Filing the T3 tax return for the estate is one of the executor’s core jobs. But it’s not an easy one. Here are some of the most common T3 challenges executors should watch for.
Start with the form itself
Brent England, partner at Hutcheson & Co. Chartered Professional Accountants in Victoria, B.C., says most challenges stem from the lack of awareness of what a T3 is and why it’s required.
“Just doing the T3 to begin with is something that gets missed so many times. There are a lot of moving pieces,” he says.
“Unless it’s absolutely the dead simplest estate out there, people who aren’t comfortable doing the T3 should really be getting a professional to do it.”
One of the issues executors may be unaware of is capital gains. If the estate holds property that increases in value before being sold or passed on to heirs, it has to declare and pay tax on them. “[Some executors] sell assets out of the [estate] and never report the capital gain, thinking it was already dealt with on the [individual’s terminal] tax return,” he says.
This can be a big issue if a principal residence is held for a year or two in a rapidly rising market such as Toronto or Vancouver before being sold. “If it’s the principal residence, it’s not taxable on the date of death,” England says. “But if it goes up in value after that, that part is taxable as a capital gain.”
Another challenge: dealing with the many questions on page two of the T3 tax return. While not all are relevant to those filing a T3 on behalf of an estate, others are extremely important.
Take question three: Did the trust distribute assets other than cash to a beneficiary during the tax year? If an executor distributes real estate or securities, for example, “you have to be careful,” says England. “You don’t just say ‘Yes.’ You have to disclose what that is, and all of the beneficiary’s information, including their name and address.”
Question nine is also critical: Did the trust receive any additional property? “That’s called tainting a trust,” England says. “And certainly if it’s a Graduated Rate Estate (GRE), and it gets assets from anywhere else for any reason, it’s automatically not a GRE anymore.” This could happen if a beneficiary borrows money from and then re-contributes to the trust.
Losing GRE status means the estate is taxed at the highest marginal tax rate the day after it ceases to be a GRE. The estate will also lose benefits such as flexibility in claiming donation tax credits.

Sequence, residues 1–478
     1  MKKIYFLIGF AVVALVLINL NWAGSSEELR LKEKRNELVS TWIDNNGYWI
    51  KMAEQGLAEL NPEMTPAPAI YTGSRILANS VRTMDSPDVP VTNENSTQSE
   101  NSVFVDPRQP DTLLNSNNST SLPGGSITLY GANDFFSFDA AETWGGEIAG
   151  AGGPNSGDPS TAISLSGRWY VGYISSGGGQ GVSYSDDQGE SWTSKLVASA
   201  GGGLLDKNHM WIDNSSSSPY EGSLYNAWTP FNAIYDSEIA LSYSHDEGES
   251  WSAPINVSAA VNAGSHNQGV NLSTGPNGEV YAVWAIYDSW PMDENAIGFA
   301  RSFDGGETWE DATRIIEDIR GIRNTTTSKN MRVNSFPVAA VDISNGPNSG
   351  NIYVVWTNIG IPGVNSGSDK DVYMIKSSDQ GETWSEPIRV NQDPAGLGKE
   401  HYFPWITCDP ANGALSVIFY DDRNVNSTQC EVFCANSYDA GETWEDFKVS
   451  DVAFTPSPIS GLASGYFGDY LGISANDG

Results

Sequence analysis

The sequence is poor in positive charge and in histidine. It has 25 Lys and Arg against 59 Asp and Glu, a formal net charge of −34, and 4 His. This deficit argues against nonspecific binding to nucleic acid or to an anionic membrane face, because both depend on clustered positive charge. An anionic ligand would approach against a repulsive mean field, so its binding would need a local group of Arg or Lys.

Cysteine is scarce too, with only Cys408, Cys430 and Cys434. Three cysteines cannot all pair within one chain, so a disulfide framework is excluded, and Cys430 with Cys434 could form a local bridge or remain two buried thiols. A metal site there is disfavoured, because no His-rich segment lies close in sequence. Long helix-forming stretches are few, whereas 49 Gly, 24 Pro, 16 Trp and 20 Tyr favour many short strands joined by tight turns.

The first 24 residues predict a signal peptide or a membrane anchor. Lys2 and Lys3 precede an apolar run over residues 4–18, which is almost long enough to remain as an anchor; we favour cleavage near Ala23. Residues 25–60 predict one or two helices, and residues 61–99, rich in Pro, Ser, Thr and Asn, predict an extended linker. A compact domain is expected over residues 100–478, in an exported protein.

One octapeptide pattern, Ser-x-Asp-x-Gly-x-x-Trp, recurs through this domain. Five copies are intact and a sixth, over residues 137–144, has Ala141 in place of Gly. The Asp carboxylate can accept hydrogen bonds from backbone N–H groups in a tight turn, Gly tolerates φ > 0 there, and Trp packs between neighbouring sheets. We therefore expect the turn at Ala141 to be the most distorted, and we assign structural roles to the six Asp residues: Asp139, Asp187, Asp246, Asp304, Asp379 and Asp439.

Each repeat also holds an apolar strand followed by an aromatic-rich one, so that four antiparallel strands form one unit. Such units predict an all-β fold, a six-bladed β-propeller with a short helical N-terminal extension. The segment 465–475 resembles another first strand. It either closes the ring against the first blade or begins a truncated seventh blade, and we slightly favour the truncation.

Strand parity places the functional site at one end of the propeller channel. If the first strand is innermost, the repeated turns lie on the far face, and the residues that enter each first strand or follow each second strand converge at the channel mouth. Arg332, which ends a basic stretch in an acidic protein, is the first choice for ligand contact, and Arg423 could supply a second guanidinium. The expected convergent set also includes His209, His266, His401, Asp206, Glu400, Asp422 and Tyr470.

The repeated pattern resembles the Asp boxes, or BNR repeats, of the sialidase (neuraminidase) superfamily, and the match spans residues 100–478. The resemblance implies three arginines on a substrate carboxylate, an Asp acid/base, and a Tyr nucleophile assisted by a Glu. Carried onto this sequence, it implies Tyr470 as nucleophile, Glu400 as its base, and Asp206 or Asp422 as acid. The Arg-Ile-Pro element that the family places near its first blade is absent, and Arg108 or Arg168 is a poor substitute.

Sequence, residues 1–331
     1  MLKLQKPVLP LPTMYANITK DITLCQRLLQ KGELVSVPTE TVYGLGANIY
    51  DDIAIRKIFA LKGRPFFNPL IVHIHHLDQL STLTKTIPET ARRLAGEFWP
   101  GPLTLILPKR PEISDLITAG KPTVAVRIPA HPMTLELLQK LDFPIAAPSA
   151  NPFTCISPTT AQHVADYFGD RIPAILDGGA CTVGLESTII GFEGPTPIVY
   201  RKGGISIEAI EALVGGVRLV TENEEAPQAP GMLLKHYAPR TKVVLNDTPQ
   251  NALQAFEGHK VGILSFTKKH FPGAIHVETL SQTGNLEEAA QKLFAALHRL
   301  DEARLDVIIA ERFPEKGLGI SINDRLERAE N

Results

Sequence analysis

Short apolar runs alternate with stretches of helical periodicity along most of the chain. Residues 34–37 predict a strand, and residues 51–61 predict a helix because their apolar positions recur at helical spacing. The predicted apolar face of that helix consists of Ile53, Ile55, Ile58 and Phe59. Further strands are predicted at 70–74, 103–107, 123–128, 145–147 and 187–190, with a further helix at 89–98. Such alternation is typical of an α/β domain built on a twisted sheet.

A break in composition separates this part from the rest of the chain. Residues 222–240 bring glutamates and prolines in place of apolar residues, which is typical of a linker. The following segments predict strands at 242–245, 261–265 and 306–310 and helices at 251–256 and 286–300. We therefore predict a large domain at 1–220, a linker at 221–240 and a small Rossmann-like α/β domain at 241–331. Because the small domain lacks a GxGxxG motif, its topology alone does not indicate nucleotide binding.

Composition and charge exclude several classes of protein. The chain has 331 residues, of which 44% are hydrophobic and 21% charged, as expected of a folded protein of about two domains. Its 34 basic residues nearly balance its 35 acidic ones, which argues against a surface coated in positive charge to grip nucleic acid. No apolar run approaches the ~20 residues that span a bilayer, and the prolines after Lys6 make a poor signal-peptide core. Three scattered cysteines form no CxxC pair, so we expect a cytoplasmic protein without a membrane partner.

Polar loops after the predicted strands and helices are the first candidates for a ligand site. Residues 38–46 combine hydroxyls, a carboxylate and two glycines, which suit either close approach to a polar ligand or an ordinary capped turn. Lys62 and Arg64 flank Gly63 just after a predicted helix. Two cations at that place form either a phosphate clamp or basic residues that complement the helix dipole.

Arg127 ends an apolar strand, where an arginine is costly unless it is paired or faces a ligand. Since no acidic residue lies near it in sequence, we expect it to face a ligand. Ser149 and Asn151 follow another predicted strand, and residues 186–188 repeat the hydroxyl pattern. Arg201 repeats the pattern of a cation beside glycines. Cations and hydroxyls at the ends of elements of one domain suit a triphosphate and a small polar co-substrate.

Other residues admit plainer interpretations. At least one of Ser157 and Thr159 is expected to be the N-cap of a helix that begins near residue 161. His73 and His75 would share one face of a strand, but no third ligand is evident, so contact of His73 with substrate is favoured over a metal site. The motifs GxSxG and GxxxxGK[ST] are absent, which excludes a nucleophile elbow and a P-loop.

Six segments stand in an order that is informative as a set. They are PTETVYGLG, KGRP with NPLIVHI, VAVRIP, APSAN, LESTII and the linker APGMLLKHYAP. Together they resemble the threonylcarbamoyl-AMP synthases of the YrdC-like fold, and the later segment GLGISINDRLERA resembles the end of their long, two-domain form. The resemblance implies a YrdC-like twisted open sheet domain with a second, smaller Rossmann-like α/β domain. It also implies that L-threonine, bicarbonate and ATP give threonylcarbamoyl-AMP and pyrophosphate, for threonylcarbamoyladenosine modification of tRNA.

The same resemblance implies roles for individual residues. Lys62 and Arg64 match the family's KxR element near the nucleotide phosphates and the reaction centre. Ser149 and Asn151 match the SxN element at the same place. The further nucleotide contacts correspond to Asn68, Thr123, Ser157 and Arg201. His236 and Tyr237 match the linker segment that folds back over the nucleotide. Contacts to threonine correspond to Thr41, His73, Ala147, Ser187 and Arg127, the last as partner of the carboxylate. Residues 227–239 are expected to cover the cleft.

Even after all the questions are answered and the form has been filed, the executor’s job isn’t done. “One of the most important things is making sure you file for clearance at the end of the process,” England says. “What that does is give CRA a chance to review it, and absolves the executor and trustees of further liability.”
Executors who do not obtain clearance are liable for any taxes or penalties due, even if estate assets have long since been distributed to heirs.
Handling foreign income
Ken Michalak, an accountant in Toronto, says handling foreign income and property is a particular challenge for executors. CRA rules require executors to declare an estate’s property in a foreign jurisdiction. If the cost of the foreign property exceeded $100,000 at any time during the year, executors may also have to file Form T1135. And, depending on the jurisdiction, they may also need to file a foreign tax return.
Michalak has encountered executors who aren’t even aware that CRA requires them to declare foreign property or income. “Every once in a while, one of my clients says, ‘Oh I got a question from the tax department; they’re wondering whether I’ve reported this money sitting in Poland,’” Michalak says.
In the past, unscrupulous executors might have successfully brushed aside such headaches, but times have changed. “The requirement has always been there,” Michalak says. “But through computers and close associations with foreign jurisdictions and tax treaties, the tax department has easy access to information from around the world.”
Michalak adds that CRA has become more stringent about collecting what’s owed. “You have to report worldwide income,” he says. “I can’t defend you in non-reporting. So if you’re not sure about something, you better find out.”
Common pitfalls with the T3
- Not realizing a T3 needs to be filed—or assuming it’s the same as a T1 final return
- Not reporting foreign property and income, and not filing additional tax returns in that foreign jurisdiction if required
- Not reporting capital gains if assets have risen in value between the date of death and the day they are sold/distributed to beneficiaries
- Not declaring the estate a Graduated Rate Estate (GRE), and therefore requiring assets to be taxed at the highest marginal rate
- Providing incomplete information on estate accounts, capital transactions or the cost basis of estate securities
James Dolan is a Vancouver-based financial writer.